Clubhouse Renovation: Going for the Green
You’re two hundred yards out on eighteen, looking across the familiar hazard, contemplating your next shot – do you risk it and go for the green, or play it safe and lay up? In today’s competitive golf market you must be aggressive to keep the “green” flowing. With over a thousand golf clubs built in the last five years, added competition has brought significant changes in consumer expectations. Declining memberships, more competition, and a younger member profile will force many older clubs to renovate to survive. For private clubs that means generating support among the members, so you’ll need to demonstrate that a remodel will help retain current members, attract new members, increase revenues (or generate new revenue sources), and lower operating costs.
Membership retention starts with the frequency of use and ends with its cost. When your members are not frequenting the club or staying beyond a round of golf, they will inevitably question the value and move on. Updating the interiors to a more comfortable and inviting atmosphere, and adding new amenities, will increase their use of the facility and attract potential new members. More member use improves retention and increases revenue. And satisfied members will bring more guests, doing your marketing for you.
The decision whether to renovate hinges on an age-old axiom: the need to spend money to make money. In recent years the challenge has been to curb spending, but competition leaves forward-thinking clubs with a clear choice. Over 30% of all golf clubhouses in the U.S. will be remodeled in the next ten years. The best chance for success comes from making creative, intelligent decisions during critical planning stages. Your strongest ally is a qualified Architect who understands the specific issues that clubs face.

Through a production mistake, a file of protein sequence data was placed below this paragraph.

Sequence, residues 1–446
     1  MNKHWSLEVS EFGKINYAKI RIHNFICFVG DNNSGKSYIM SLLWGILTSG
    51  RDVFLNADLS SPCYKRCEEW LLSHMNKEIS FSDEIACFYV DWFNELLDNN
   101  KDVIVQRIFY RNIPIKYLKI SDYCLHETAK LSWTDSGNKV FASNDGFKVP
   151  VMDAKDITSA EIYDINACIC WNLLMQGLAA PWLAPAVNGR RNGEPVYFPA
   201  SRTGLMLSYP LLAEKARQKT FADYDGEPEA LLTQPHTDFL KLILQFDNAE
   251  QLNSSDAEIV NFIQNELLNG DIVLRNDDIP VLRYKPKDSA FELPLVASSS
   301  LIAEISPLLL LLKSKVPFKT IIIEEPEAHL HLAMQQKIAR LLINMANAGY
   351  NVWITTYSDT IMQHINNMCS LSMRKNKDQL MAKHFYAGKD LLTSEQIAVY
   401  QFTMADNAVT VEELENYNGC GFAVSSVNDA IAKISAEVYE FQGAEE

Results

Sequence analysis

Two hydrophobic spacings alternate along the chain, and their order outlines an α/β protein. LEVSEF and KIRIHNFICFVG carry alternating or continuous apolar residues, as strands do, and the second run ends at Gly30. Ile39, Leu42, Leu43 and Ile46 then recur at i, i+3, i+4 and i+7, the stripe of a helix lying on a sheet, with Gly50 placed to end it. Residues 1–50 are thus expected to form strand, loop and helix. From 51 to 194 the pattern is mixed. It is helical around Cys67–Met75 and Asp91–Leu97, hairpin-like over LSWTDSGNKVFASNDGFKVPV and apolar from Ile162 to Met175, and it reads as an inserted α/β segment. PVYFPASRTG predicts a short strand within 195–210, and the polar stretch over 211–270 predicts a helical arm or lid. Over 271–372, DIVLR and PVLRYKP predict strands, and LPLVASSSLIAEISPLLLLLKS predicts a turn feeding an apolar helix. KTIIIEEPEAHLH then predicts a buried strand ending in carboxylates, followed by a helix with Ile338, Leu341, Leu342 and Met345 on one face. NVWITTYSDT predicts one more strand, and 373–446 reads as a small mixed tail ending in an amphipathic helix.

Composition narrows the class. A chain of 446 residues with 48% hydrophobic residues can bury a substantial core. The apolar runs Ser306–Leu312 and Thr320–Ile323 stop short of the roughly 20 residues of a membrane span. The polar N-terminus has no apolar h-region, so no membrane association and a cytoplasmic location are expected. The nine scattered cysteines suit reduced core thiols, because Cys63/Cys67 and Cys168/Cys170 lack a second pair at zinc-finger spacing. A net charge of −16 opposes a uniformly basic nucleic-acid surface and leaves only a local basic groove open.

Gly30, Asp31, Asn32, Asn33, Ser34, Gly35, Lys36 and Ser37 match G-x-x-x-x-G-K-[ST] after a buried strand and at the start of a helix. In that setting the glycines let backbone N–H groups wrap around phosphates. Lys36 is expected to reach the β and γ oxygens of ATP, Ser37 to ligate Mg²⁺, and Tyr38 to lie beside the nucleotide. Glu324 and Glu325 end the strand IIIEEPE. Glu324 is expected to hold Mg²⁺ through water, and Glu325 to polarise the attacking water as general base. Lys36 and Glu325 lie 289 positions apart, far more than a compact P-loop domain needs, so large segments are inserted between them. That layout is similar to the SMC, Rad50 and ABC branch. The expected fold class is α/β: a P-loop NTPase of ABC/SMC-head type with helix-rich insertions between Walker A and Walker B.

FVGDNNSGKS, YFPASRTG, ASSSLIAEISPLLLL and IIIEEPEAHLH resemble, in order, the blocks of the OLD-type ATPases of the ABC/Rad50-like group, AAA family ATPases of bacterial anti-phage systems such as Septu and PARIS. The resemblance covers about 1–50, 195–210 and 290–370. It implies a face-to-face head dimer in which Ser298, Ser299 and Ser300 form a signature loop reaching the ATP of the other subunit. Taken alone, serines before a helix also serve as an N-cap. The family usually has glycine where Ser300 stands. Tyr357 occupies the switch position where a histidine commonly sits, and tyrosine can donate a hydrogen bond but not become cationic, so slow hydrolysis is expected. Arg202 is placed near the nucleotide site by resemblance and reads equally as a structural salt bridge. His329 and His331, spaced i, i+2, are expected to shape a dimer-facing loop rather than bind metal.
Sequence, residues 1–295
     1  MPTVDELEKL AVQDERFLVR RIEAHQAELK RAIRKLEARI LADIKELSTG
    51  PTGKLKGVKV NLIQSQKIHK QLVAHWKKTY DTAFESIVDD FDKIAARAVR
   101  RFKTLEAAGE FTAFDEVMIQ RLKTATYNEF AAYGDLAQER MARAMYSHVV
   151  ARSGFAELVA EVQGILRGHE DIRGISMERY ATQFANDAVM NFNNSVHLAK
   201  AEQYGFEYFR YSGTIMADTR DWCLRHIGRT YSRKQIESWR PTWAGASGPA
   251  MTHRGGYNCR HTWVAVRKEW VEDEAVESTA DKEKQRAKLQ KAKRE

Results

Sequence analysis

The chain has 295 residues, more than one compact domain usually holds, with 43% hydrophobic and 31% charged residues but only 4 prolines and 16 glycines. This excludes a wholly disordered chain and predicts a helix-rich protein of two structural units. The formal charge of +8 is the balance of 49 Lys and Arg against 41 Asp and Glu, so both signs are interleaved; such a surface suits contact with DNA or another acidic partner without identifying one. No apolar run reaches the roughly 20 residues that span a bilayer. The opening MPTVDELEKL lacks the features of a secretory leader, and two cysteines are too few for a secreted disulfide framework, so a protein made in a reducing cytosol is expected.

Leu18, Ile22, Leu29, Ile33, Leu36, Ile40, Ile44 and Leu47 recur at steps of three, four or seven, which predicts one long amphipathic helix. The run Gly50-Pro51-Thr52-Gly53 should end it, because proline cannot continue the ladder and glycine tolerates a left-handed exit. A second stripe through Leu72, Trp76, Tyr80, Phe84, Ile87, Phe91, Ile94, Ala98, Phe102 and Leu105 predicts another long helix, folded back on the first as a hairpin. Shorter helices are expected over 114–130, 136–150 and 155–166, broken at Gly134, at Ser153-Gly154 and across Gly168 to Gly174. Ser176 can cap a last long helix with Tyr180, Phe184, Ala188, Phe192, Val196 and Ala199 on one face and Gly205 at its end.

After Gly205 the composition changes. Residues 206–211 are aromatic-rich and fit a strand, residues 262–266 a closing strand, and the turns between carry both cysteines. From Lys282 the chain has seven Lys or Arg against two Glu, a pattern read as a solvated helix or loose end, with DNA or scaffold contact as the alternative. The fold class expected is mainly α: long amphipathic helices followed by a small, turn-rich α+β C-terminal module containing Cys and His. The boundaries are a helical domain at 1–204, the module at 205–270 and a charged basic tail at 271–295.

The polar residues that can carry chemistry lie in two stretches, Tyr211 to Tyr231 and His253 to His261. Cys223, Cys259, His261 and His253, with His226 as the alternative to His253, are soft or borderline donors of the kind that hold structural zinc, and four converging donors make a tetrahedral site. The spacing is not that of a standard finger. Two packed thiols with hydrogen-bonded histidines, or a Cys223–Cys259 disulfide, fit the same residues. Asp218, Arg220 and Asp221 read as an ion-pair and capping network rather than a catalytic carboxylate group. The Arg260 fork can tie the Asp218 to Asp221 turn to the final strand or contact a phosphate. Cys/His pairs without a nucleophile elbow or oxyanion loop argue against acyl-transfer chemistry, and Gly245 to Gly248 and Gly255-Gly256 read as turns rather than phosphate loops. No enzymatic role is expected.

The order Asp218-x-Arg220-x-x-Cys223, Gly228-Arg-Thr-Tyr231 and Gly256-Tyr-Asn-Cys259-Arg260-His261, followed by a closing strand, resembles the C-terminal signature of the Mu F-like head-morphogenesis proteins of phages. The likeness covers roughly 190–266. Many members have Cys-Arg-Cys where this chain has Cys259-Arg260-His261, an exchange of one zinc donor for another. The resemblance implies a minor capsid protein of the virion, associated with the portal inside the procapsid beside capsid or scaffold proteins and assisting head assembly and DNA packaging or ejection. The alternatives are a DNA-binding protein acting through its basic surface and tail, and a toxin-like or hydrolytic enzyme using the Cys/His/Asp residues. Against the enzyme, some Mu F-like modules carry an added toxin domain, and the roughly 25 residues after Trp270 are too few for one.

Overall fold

Like a good caddy, an experienced clubhouse Architect can give you the right tools and explain the key factors to consider when targeting the green. Older facilities may face expensive hurdles from hazardous materials, or the latest accessibility, energy consumption, or structural building codes. An Architect that understands codes, golf operations, food service, market trends, and clubhouse functions can save thousands of square feet in design, delivering significant savings on your investment. Additionally; a thoughtful, efficient design directly affects long term costs by eliminating excess staffing, maintenance and utility expenditures.
In the last five years there have been some significant changes to what defines a golf clubhouse. The younger demographic is showing more interest in wellness activities and services for the whole family. Adding fitness facilities, a kid’s camp, or junior golf program will serve those needs. These components can generate new revenue, as can amenities such as conference and private dining rooms, spas, wine lockers, business centers, and golf cottages. With trends moving toward smaller clubhouses, these are often constructed as a ‘village’ of lesser-scaled buildings; an approach that has gained popularity not only for its added character, but also its potential to allow phasing of construction and reduced operating costs. Flexible spaces that create an intimate atmosphere, but can be combined for larger events, help keep costs down and usage up.
Even in colder parts of the country, outdoor spaces are just as important as indoor rooms, and can greatly increase revenue generation at less than half the construction cost. A well-designed clubhouse will offer an assortment of outdoor spaces – sunlit patios and covered verandas, private terraces and community courtyards – that take advantage of gentle breezes, while still providing convenient service and protection from the elements.
For any club looking to stay competitive, updating the look and feel of the clubhouse and adding a variety of amenities are worth serious consideration. Doing so can position your club to secure its membership base now, and improve its ability to attract new customers as economic conditions level off. But you must be willing to take the shot. And as in golf, the best results will come from the right preparation and thoughtful guidance from a professional who knows the terrain.
By Bryan D. Webb, Principal
Marsh and Associates, Inc.
This article appeared in The Boardroom Magazine, July/August 2010